COVID-19 vaccine: Are US consumers ready?

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The proverbial light at the end of the dark tunnel of the COVID-19 pandemic is beginning to come into sight. The scientific community has made tremendous strides in getting vaccine candidates through clinical development at unprecedented speed to meet the urgent public health need. But vaccines are only useful if people take them. As discussed in the paper “When will the COVID-19 pandemic end?,” our analysis suggests that a high level of vaccine adoption is required to achieve herd immunity, even accounting for some level of natural immunity. If we assume that only adults over the age of 18 receive the vaccine (consistent with the initial vaccine trials) and vaccines all have efficacy of 95 percent, 58 to 85 percent of that adult population would potentially need to be vaccinated to reach herd immunity. However, there is still significant uncertainty around the vaccine’s effectiveness in reducing transmission. If we assume on average that vaccines only reduce transmission at 75 percent or higher levels, for example, then from 78 percent to 94 percent of the adult population would need to be vaccinated to reach herd immunity (Exhibit 1).

Ending the pandemic could require COVID-19 vaccination uptake in the range of between 59% and 94%, higher than most adult vaccine benchmarks.

These desired adoption ranges far exceed those of more established adult vaccines, including flu and pneumococcal pneumonia. For example, only about 40 percent of adults aged 18 to 64 today receive the vaccines that are available and recommended for them.1 Many reasons exist for this low adoption rate, including confidence in efficacy (15 percent), concern over side effects (23 percent), and lack of concern for the flu (13 percent).2 Vaccine adoption among the elderly (over 65) tends to be much higher, in the range of 70 percent for flu and pneumococcal pneumonia. Conversely, vaccine adoption among minority groups is often lower—for example, in the 2019 through 2020 flu season, 53 percent of non-Hispanic Caucasian adults aged 18 and older got vaccinated, compared with 38 percent of Hispanics and 41 percent of non-Hispanic Black Americans in the same age group.3 These inequities in adult vaccines adoption are particularly worrying given the disproportionate health impact of COVID-19 on minority populations.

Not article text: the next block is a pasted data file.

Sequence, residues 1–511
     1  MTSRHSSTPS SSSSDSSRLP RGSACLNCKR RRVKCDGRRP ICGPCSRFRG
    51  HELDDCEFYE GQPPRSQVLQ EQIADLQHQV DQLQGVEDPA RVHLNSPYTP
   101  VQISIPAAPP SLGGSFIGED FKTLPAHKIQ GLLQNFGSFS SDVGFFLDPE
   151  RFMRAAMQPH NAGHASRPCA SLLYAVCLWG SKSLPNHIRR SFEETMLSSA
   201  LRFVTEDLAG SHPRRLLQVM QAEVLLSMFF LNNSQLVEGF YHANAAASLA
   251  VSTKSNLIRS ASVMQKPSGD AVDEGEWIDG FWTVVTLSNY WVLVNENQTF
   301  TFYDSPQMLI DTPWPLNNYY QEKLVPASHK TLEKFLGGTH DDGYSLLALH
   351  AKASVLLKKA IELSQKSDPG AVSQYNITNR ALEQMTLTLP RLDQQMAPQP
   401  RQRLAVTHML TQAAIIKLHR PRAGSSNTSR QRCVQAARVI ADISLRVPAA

This stark contrast between where we are today with adult immunization and where we would want to be to rapidly and confidently end this pandemic suggests that neither the existing “adult immunization infrastructure,” nor the existing practices to engage consumers on adult vaccine adoption, may be sufficient. Different strategies may be needed for the COVID-19 vaccine to live up to its promise.

COVID-19 vaccine consumer sentiment is more complex than “likely”/“unlikely”: more than 45 percent of adults want to wait and see.

Before we turn to what potential actions to consider, it is important to understand the nuances of consumer sentiments. McKinsey has been conducting regular surveys of a representative sample of American adults, the most recent of which was completed from November 30 through December 6, 2020 with 2,467 respondents, to understand consumer sentiment regarding potential COVID-19 vaccines and their related experiences through the pandemic. Our previous research suggests that consumers’ regard for the importance of vaccination in our path back to the “next normal” is important. Indeed, 88 percent of consumers that we surveyed believe that a vaccine is “very or somewhat important to return to normal activities.”4

How Americans report feeling about COVID-19 vaccinations

How Americans report feeling about COVID-19 vaccinations

Consumers fall into three COVID-19 vaccine adoption segments along a continuum of stated vaccine enthusiasm, and opportunity exists to better inform and engage consumers, especially the “cautious adopters.”